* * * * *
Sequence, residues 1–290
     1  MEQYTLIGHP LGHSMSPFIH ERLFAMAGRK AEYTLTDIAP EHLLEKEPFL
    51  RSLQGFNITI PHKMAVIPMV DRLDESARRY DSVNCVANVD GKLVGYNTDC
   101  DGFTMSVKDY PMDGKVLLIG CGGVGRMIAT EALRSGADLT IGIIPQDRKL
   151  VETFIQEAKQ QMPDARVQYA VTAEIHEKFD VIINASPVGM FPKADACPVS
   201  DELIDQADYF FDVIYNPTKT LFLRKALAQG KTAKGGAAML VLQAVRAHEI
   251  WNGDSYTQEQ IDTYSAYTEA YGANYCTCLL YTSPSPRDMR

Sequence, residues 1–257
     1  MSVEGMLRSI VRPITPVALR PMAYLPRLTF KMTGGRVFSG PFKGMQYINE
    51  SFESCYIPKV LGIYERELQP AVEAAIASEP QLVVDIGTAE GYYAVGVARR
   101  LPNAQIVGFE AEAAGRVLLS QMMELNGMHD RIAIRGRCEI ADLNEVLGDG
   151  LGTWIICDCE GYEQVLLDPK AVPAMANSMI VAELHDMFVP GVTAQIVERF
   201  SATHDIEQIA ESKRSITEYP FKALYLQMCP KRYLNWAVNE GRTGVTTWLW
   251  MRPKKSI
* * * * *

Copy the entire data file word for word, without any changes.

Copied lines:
Sequence, residues 1–290
     1  MEQYTLIGHP LGHSMSPFIH ERLFAMAGRK AEYTLTDIAP EHLLEKEPFL
    51  RSLQGFNITI PHKMAVIPMV DRLDESARRY DSVNCVANVD GKLVGYNTDC
   101  DGFTMSVKDY PMDGKVLLIG CGGVGRMIAT EALRSGADLT IGIIPQDRKL
   151  VETFIQEAKQ QMPDARVQYA VTAEIHEKFD VIINASPVGM FPKADACPVS
   201  DELIDQADYF FDVIYNPTKT LFLRKALAQG KTAKGGAAML VLQAVRAHEI
   251  WNGDSYTQEQ IDTYSAYTEA YGANYCTCLL YTSPSPRDMR

Sequence, residues 1–257
     1  MSVEGMLRSI VRPITPVALR PMAYLPRLTF KMTGGRVFSG PFKGMQYINE
    51  SFESCYIPKV LGIYERELQP AVEAAIASEP QLVVDIGTAE GYYAVGVARR
   101  LPNAQIVGFE AEAAGRVLLS QMMELNGMHD RIAIRGRCEI ADLNEVLGDG
   151  LGTWIICDCE GYEQVLLDPK AVPAMANSMI VAELHDMFVP GVTAQIVERF
   201  SATHDIEQIA ESKRSITEYP FKALYLQMCP KRYLNWAVNE GRTGVTTWLW
   251  MRPKKSI